Vox pop

Over the years I've heard a fair amount of praise for songs I've written. As well, I've been complimented on my guitar playing, which surprises me but I'll take it. But I don't think I can remember anyone saying that they liked my singing.

Most of the time, I don't like it either.

I've been singing for pretty much as long as I can remember. I liked to sing as a child. When I learned to play guitar at 16 and began to write my own songs, of necessity I also became a vocalist. I've sung on my own, in a duo, in bands, and in choirs. I've sung my own songs and cover songs. As a chorister, I sing on key. My harmony singing is solid. But as a lead vocalist, I am meh at best. I sing with passion and intent, but quality, not so much.

I don't hate the voice I hear recorded, but I don't love it. I think it's harsh. Not very pleasing. Just not very nice sounding.

I don't know if others feel the same way. Or rather, figuring that some must feel that way, how many of them are there? Does my voice put people off? Does it make them not listen, or not listen again, to my songs?

The only bands of mine that achieved some level of success were those with a lead vocalist who wasn't me. I know my songs are good, but maybe that only really comes across when the vocal is by someone who sings better than I do. Maybe my voice will put people off from listening more than once and really liking. Moreover, it's just guitar and vocal now, with some percussion help from Leenie. When so little is going on, all the parts had better be worth listening to.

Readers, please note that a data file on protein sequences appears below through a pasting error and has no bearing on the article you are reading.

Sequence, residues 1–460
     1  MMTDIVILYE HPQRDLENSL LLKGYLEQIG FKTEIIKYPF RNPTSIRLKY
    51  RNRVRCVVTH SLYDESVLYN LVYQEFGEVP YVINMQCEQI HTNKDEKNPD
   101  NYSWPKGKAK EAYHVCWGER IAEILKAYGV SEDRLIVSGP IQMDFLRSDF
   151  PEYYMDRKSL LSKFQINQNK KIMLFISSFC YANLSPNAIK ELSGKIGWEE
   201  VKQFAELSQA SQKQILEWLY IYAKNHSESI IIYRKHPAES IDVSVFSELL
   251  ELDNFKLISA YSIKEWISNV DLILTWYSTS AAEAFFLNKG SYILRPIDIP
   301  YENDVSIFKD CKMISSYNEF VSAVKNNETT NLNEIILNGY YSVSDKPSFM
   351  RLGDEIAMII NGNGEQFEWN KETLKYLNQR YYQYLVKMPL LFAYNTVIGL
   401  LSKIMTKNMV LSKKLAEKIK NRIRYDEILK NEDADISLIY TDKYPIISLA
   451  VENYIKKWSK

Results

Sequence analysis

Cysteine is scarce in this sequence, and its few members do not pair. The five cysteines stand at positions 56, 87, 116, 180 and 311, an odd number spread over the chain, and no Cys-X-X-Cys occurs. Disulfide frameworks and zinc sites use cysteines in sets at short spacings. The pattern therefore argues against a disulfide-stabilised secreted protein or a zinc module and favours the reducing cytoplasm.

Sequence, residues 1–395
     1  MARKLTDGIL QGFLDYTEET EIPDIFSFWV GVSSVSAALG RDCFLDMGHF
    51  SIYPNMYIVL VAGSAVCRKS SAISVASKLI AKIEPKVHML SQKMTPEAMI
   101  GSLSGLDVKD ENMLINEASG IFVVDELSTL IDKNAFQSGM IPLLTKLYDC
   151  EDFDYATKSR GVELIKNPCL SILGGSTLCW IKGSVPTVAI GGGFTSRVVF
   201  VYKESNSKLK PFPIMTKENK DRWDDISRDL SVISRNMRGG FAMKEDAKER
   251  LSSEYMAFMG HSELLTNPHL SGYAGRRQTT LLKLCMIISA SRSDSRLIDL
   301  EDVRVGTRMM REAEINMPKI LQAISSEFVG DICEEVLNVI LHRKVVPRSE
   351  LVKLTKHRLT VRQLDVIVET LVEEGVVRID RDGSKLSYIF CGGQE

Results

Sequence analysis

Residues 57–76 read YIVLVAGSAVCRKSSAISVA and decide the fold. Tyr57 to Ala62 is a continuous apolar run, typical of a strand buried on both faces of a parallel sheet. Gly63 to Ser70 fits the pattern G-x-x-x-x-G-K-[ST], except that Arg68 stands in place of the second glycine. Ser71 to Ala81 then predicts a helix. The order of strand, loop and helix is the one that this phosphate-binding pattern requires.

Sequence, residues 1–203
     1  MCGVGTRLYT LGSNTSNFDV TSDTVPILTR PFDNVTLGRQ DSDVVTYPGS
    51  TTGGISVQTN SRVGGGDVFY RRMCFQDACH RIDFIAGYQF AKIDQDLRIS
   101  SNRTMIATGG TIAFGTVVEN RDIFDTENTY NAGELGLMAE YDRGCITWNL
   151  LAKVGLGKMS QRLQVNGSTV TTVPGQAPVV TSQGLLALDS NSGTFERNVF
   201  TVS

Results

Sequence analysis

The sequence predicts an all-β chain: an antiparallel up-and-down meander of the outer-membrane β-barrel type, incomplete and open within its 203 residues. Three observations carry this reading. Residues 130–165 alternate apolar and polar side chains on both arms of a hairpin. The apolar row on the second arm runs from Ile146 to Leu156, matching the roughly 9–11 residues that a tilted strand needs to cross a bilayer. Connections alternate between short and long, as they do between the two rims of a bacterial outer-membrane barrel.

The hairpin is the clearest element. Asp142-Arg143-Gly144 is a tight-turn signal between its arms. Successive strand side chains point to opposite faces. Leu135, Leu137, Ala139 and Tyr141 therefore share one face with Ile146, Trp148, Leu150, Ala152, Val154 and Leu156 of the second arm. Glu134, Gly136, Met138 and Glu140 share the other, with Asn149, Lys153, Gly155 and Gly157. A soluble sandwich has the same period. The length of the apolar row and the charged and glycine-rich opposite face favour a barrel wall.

Since I still want to play professionally and get booked, I hope that somehow my voice pleases other people more than it pleases me. Or that they find my voice interesting. Or that it's an instrument the sound of which they happen to like. Other people hear me differently than I hear myself, and maybe I sound better to them than I do to me.

If that's true, then not having a good voice won't hold me back. Despite higher vocal quality expectations for women than men, there are women whose unconventional vocals are well appreciated. Hardly anyone can sing like Beyoncé or Adele anyway. Courtney Barnett's voice is distinctive in a pleasing way. PJ Harvey's voice can be challenging. I aspire to have a pleasingly distinctive voice. I'm probably more the challenging type.

It's really since I "went solo (again)" that I have been consciously exploring my voice, probably more than I have ever done. I'm looking for its strengths and strengthening weaknesses. I'm trying new things and taking risks. I listen to distinctive women vocalists, including Leenie, and learn from them. Leenie has also influenced me to make more extensive use of my capo, not just to create a key but to find the best key, the one where the melody, especially the chorus, is in a sweet spot for my voice.

It's funny how I feel at one with my guitar but not so much with my voice. My guitar is an extension of myself, and it expresses something about who I am. I want my voice to be and do those things as well. The work I've done hasn't improved my vocal quality that much but I think it has improved my expressiveness. Just have to see if that's enough.